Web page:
Equinox

Equal day and night.

Today (22 September) is the fall equinox – when we have equal amounts of the day with sun and no sun. The length of the day is changing fast – indeed, faster than any other time of the year except spring equinox – and it is really noticeable every day. Today was rather cloudy, not a great day for solar power:

But yesterday was a very good day:

Our solar tracker is produced by Solaflect Energy, who sent out this brief description:

As a solar company, we pay a good deal of attention to the sun! So, a few fun equinox facts for you on the occasion of the Automnal Equinox, which officially happens at 3:21 today.  

Equinox comes from equal nights. Almost everywhere on earth has 12 hours of daylight and 12 hours of night today. The exceptions are the north and south poles. At the north pole, today is sunset, and if you were standing there, the sun would circle around you on the horizon all day – a very long sunset. There will be weeks of twilight before it becomes totally dark until late winter. You would see the same thing at the south pole, except that it would be sunrise.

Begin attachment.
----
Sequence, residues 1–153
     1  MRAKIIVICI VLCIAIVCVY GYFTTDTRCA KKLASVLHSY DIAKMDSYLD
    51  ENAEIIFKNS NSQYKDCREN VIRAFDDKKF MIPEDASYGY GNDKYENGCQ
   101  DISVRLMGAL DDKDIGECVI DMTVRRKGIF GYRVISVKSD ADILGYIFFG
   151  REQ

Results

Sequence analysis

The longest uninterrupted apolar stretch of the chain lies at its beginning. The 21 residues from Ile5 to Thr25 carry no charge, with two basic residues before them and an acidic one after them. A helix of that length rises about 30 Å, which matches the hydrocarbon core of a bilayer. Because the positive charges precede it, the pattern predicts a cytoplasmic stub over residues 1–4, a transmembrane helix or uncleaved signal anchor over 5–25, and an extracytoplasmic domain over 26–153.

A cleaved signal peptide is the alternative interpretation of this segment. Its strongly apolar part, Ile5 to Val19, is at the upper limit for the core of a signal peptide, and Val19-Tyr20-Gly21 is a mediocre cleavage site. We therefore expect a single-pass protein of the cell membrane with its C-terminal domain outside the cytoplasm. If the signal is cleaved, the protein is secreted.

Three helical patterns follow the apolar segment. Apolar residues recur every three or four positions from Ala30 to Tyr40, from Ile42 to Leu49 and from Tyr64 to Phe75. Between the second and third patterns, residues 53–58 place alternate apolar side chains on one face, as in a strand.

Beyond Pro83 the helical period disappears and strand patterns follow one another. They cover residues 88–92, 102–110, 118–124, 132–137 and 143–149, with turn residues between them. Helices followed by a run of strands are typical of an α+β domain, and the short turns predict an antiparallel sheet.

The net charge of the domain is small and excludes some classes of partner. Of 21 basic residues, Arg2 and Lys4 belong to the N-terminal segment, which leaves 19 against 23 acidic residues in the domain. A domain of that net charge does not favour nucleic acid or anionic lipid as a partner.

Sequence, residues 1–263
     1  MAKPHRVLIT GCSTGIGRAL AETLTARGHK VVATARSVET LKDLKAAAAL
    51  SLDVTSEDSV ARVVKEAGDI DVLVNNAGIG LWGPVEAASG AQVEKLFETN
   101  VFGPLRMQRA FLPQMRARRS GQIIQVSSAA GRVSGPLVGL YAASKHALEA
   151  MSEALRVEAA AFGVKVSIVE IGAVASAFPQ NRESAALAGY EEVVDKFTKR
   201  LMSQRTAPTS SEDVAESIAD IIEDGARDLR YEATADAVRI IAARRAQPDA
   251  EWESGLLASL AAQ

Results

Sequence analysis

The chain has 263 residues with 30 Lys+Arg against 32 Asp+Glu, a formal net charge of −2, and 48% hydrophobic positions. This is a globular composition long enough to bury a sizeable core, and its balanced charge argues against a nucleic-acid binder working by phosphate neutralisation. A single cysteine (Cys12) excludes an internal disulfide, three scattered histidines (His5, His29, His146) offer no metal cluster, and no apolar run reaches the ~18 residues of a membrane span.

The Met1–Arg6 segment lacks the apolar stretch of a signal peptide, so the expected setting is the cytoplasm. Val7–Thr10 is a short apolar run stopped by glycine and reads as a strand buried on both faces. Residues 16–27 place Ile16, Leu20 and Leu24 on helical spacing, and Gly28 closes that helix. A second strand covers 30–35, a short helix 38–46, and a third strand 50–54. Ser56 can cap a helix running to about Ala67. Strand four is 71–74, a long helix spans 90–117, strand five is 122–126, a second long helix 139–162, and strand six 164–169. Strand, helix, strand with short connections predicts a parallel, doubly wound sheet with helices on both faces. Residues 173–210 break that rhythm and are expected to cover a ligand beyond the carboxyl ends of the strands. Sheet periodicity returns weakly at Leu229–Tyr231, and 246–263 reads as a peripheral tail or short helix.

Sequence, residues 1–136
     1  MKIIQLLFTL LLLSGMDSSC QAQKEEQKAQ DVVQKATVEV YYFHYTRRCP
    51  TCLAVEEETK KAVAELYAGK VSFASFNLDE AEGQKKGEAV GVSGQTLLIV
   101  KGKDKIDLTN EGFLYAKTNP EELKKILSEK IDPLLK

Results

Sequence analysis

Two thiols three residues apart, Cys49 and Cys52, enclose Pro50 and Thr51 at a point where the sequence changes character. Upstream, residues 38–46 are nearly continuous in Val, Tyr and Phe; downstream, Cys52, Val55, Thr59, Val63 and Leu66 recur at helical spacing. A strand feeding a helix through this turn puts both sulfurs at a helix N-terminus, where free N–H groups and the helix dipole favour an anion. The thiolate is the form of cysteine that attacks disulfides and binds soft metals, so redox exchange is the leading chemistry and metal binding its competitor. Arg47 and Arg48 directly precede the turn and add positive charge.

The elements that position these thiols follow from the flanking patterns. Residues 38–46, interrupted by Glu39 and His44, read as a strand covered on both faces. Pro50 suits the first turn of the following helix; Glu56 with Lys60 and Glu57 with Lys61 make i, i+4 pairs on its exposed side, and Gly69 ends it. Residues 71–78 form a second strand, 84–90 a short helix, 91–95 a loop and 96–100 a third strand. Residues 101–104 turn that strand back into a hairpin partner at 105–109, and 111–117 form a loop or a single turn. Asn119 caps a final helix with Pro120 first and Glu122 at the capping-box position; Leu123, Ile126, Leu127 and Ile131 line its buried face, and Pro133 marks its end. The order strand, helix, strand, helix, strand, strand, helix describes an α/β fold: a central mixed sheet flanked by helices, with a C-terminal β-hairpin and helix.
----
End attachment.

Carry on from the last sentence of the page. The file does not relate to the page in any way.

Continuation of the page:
The sun is directly overhead at the equator today. If you were standing on the equator, it would rise due east, be directly overhead at noon (no shadows – that never happens here), and set directly west. It also rises due east and sets due west here, (although with today’s weather, you’re unlikely to see either) but will be 45 degrees above the horizon at noon (at least if you were standing on the border between Vermont and Quebec, which is 45 degrees latitude).

Author: dfkotz

David Kotz is an outdoor enthusiast, traveller, husband, and father of three. He is also a Professor of Computer Science at Dartmouth College.

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